This requires that agricultural education institutions play not only an academic role, but also a community development or outreach role that allows them to understand local knowledge and combine it with modern agricultural science. Understanding the contributions that local people can make to solving their own problems is the key to sustainable rural development.
Environment Issues in Agricultural Education
In many parts of the world, the increasing needs of growing populations for food, fuel fibers have led to deforestation, severe soil erosion, loss of water resources, and eventually declining crop production. It is clear that the loss of natural resources and environmental degradation affects food security. It is also clear that institutions of education in agricultural development issue into their curricula.
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Environmental and sustainable agricultural development problems require an interdisciplinary approach to curricula since sustainable development relates not only to technological concerns, but also to economic, social, cultural, ecological, and public policy matters. Furthermore, curricula need to prove students with opportunities to observe first-hand the physical, technological and social aspect of natural resources uses for agriculture through learning activities that are experiential and problem-focused.
Experience shows that institutions of agricultural education can play a vital role in bring about changes in peoples’ attitudes and practices so that they are more environmentally responsible. Developed countries have for some time included environmental concerns in their teaching curricula, research activities and outreach programmes.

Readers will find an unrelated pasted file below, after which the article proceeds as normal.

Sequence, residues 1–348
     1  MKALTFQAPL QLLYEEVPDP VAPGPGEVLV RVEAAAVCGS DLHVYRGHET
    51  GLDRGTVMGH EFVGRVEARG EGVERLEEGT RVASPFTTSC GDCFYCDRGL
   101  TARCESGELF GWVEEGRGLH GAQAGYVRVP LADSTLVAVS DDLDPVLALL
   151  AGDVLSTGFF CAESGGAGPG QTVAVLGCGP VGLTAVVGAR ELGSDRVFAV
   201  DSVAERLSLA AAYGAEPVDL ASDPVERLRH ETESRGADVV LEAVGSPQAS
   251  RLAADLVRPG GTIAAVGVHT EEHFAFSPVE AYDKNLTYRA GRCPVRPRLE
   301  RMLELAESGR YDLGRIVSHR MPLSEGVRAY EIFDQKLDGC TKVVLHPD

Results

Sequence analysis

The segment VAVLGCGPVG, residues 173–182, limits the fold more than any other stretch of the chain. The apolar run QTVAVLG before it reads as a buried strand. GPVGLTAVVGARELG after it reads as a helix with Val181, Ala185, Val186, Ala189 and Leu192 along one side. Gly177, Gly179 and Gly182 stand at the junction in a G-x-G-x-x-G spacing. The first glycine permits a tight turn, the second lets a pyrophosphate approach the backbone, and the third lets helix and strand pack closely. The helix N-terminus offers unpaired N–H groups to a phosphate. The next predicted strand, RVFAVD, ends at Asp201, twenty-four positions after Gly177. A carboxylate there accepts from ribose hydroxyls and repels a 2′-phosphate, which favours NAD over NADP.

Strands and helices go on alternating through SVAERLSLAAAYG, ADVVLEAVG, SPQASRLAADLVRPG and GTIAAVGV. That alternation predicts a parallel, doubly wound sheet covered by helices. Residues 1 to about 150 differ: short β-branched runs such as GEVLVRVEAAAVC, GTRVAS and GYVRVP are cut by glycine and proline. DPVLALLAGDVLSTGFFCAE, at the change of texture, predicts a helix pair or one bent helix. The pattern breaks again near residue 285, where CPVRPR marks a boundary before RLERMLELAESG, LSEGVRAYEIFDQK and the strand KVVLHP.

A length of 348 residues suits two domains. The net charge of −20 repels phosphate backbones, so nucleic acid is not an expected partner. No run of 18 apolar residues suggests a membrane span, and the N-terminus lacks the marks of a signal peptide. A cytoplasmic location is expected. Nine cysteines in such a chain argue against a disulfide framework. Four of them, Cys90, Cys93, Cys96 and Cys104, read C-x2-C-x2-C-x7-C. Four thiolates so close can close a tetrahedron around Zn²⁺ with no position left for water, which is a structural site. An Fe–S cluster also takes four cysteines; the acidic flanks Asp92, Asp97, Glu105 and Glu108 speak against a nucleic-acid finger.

Current practices in agricultural education in many developing countries, however, does not demonstrate widespread integration of environmental and sustainable agricultural topics into academic programmes. Rather, these topics are added piecemeal to existing curricula, if at all.
There main issues can be identified which affect the challenges of integrating environmental and sustainable development themes or issues into agricultural education programmes. First, such issues are complex and diverse. They involve social, cultural, political and economic aspects as well as technical and scientific information. Thus, an interdisciplinary approach is essentially (Bawden, 1996).
Second, agricultural education institutions are not always structured to deal with the complexity of these issues. Substantial institutional reorientation and attitude change among faculty members may be necessary. In order to achieve such changes, the training and redeployment of teachers may be needed along with greater involvement of students, younger, environmentally-aware staff and rural communities in the design of new curricula.
Third, new approaches to learning and knowing which incorporate that environmental knowledge of local people are needed. These new approaches should involve people situation on campus and in the professionalism of graduates, the production practices of farmers, the commercial objectives of agri-business and the interests of society for a safe and secure environment.
Agricultural Change to Curricular Content and Emphasis